Law & the Courts

In an Abortion Case, a Federal Court Turns the Supremacy Clause Upside Down

All to ensure that a 14-year-old girl can get an abortion. But she doesn’t want one.

Yesterday, over a scathing dissent by Judge Edith Jones, the Fifth Circuit Court of Appeals held that the federal government must submit to the authority of a state court.

The case, Jane Doe v. Office of Refugee Resettlement, represents the latest clash between the ORR and activists seeking to obtain abortions for unaccompanied minor aliens. This case differs, though, in one significant respect from the class-action lawsuit that made headlines when the American Civil Liberties Union sued to force the government to facilitate abortions for several minors in the ORR’s custody: The Jane Doe in this case does not want an abortion.

According to Thursday’s court decision, Jane Doe is a “barely-14-year-old” girl who was detained at the U.S.–Mexican border. In mid January, immigration officials placed Doe in a Texas shelter for unaccompanied minors, and there she underwent a medical examination that revealed she was six weeks’ pregnant. At some point, Doe indicated to a “person interviewing her about her needs” that she wanted an abortion. The interviewer referred Doe to Janes Due Process, an organization that promotes itself as helping “Texas minors with judicial bypass for abortion.” Janes Due Process then somehow arranged for Jane Doe to be represented by two attorneys, Rochelle Garza and Myles Garza.

Without notifying the ORR, which has legal custody over Jane Doe, the Garzas petitioned a Texas state court to be appointed Doe’s legal representatives. A state-court judge appointed Rochelle Garza to be Doe’s guardian ad litem and made Myles Garza her attorney ad litem. The Garzas then scheduled a February 8 hearing before the state-court judge to obtain a “judicial bypass” of the parental-consent requirement for an abortion.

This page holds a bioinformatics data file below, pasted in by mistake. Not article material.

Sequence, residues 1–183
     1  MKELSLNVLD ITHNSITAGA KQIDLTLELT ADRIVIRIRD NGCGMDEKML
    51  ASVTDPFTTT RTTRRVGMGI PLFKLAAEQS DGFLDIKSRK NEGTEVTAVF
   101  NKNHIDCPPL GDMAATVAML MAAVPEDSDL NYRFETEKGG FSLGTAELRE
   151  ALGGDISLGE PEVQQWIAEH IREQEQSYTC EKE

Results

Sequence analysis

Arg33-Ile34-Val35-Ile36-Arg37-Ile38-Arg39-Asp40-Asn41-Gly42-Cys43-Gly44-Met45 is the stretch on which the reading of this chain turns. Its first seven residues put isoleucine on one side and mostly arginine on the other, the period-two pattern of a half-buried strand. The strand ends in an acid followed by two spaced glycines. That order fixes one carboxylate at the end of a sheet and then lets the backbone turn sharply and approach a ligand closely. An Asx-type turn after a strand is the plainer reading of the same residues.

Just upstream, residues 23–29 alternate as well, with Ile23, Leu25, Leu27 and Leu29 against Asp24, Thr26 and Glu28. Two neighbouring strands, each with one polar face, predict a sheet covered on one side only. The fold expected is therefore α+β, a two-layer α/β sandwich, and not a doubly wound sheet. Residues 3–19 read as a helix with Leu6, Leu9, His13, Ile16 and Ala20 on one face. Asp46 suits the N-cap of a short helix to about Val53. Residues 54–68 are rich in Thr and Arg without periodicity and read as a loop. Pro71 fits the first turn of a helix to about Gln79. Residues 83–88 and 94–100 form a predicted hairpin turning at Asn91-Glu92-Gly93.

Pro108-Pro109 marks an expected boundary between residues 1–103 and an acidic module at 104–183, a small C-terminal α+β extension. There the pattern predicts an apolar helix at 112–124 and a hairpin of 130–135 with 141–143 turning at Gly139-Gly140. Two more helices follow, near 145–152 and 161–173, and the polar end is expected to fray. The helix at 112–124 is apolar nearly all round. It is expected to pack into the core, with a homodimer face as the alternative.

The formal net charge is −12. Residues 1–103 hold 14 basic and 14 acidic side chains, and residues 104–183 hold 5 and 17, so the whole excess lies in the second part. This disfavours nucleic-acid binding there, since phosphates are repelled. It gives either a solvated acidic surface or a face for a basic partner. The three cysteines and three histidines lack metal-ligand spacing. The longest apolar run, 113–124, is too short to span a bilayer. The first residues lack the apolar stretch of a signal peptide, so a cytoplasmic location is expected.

Doe, however, later changed her mind and told the ORR that she did not want an abortion. Doe also claimed that the Garzas had made her sign paperwork appointing them her legal representatives for immigration purposes and maintained that she no longer wanted them to represent her. ORR informed the Garzas of this development and refused to release Doe for the court hearing or to allow her to meet with the Garzas. Instead, on February 8, the ORR filed papers in federal court to remove the proceedings from the state-court system.

A federal district court refused to accept the case, sending it back to the Texas state court. The ORR immediately appealed to the Fifth Circuit Court of Appeals and yesterday, following expedited proceedings, vacated the district court’s order. Instead, in a 2–1 decision, the majority ruled that the government must present Jane Doe to a federal court and allow the judge to meet alone with her to determine whether she wants an abortion. The Fifth Circuit then held that “if the court finds that Jane Doe does not wish to abort her pregnancy, the matter is concluded, and the district court should dismiss the case. If the court finds that Jane Doe wishes to proceed, the district court will instruct the government to cooperate either with the Garzas, or another guardian and attorney ad litem the district court may choose to appoint.”